(Geocities is being
very flaky and won't let me edit this entry--so things are looking very weird on this
24 July 2002
The good news: I've lost another 2.8 lbs, bringing the grand total
to 71.4 lost. Holy shit. Look at that. That's SEVENTY pounds and then some. How in the
world did I carry all that weight around for all those years? Think about it. I stagger in
the house carrying a jug of water for our water cooler--and that weighs 25 lbs.
Rock salt that I hate to have to carry (and thank goodness haven't
in several years) comes in 40 lb bags.
I've hefted 25 lb sacks of dog food that filled the back seat of the
Suddenly the weight of things has become very important to me.
"I used to carry around the equivalent of TWO of those!"
I'm amazed that I was able to get up out of a chair at all. No
wonder I felt like I was going to die when we walked across London.
But it's gone. Gone, I tell you...gone!!!
God and my willpower willing, it will stay gone.
I didn't get up to the club this morning, because of all the work I
had to do last night (yes, I got the review written; no, I didn't find Dr. G's
paper--fortunately it wasn't the disaster that I thought it would be). When I finally went
to sleep, I had the choice of sleeping 3 hours and then exercising, or sleeping 4 hours.
It wasn't a difficult decision to make!
But I was feeling guilty about it. I'd missed, now, two days in a
row. Monday morning, I was driving Walt to the airport during the hour I would normally be
at the club, and then this morning I was sleeping.
So, when I got home from work, and realized that the weather, for
once, was not super hot and it was actually quite pleasant, I decided to go for a bike
ride. Not a huge bike ride, but 5 miles, which was just about right. I kept the pace
steady for 30 minutes, so I could say that I did "moderate exercise" for 30
I did my usual greenbelt trip, but this time did it backwards, which
means I went up the opposite side of the dreaded overpass (a longer uphill, but not a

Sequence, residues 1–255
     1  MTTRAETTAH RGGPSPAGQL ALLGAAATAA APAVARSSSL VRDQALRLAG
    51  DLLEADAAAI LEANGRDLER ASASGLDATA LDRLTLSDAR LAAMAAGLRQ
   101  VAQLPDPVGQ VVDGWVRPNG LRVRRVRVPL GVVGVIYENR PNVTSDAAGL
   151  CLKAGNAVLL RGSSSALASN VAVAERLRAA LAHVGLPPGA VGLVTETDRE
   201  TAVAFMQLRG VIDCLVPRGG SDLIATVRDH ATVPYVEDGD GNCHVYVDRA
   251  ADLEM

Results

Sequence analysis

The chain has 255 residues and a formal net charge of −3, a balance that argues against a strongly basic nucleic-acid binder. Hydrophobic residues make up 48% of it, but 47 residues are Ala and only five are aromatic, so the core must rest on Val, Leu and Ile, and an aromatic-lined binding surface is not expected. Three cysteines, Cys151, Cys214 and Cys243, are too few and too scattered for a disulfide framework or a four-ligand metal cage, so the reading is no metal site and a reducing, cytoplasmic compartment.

problem--I'm dreading the overpass less and less these days). It was kind of fun
experiencing the trail at a different time of day. No early morning joggers or dog walkers
(but some passed out dogs lying in the grass in the warm sun). No cheery "good
morning people"...in fact, no people at all. It was dinner time and there were the
smells of dinner cooking from the houses as I passed them by. The ciccadas were
humming--or whatever it is that ciccadas do. A lazy afternoon.
As I rode, I was thinking about this whole biking thing. After
reading the reports by Haggi, Secra, and Jenipurr about the big ride in
Healdsburg this past weekend, I was so glad that I'd decided not to try it. 37 miles is
within my capabilities. 37 miles of rolling hills is not.
I began to think about what I hope to accomplish with all this
biking. I often feel frustrated with myself that I can't go farther, higher, faster. I
feel like a drag on Haggie when we go biking because I know she has far surpassed me in
her biking abilities. I'm still worried about getting up the dreaded overpass.
Then I thought about where I was when Olivia said "why don't we
get a couple of bikes and go riding on the weekends?" She had to drag me into bike
shops and I had all the enthusiasm that I did when shopping for clothes to enter the
convent, an act I knew I did not want to do but didn't know how to get out of.
But once I'd made it past those first couple of "I bought this
damn thing I'd better learn how to ride it" experiences, I discovered that I didn't
hate it. In fact, I was even liking it. The first day we went biking and I realized I'd
covered four whole miles without dying was the breakthrough. I could really do
this. It was the first athletic thing I'd ever done in my entire life that I didn't hate.
That I felt comfortable doing. That I actually enjoyed doing.
Haggie is young enough to be my daughter. So is Terri, if I'd
started having babies early. David has been biking since he could walk. I'm nearly sixty
years old. No wonder I'm having a difficult time keeping up with the kids. I've
come a long way since February--375 miles, in fact. That's pretty good for someone whose
most athletic thing to date had been walking around the San Diego zoo.
So I'm not going to sweat it any more. I'm going to do what I can
and not feel guilty that I'm not ready to do a century ride, that I'm not doing better
over hills (yet). I've come so far that riding 25 miles--of flat roads--seems like
nothing. That's tremendous progress in just a few months.
I'm just going to keep rolling along at my own pace and watching the
other guys do their sprints and be happy that I am making progress, just not quite as fast
as I might have made it 30 years ago.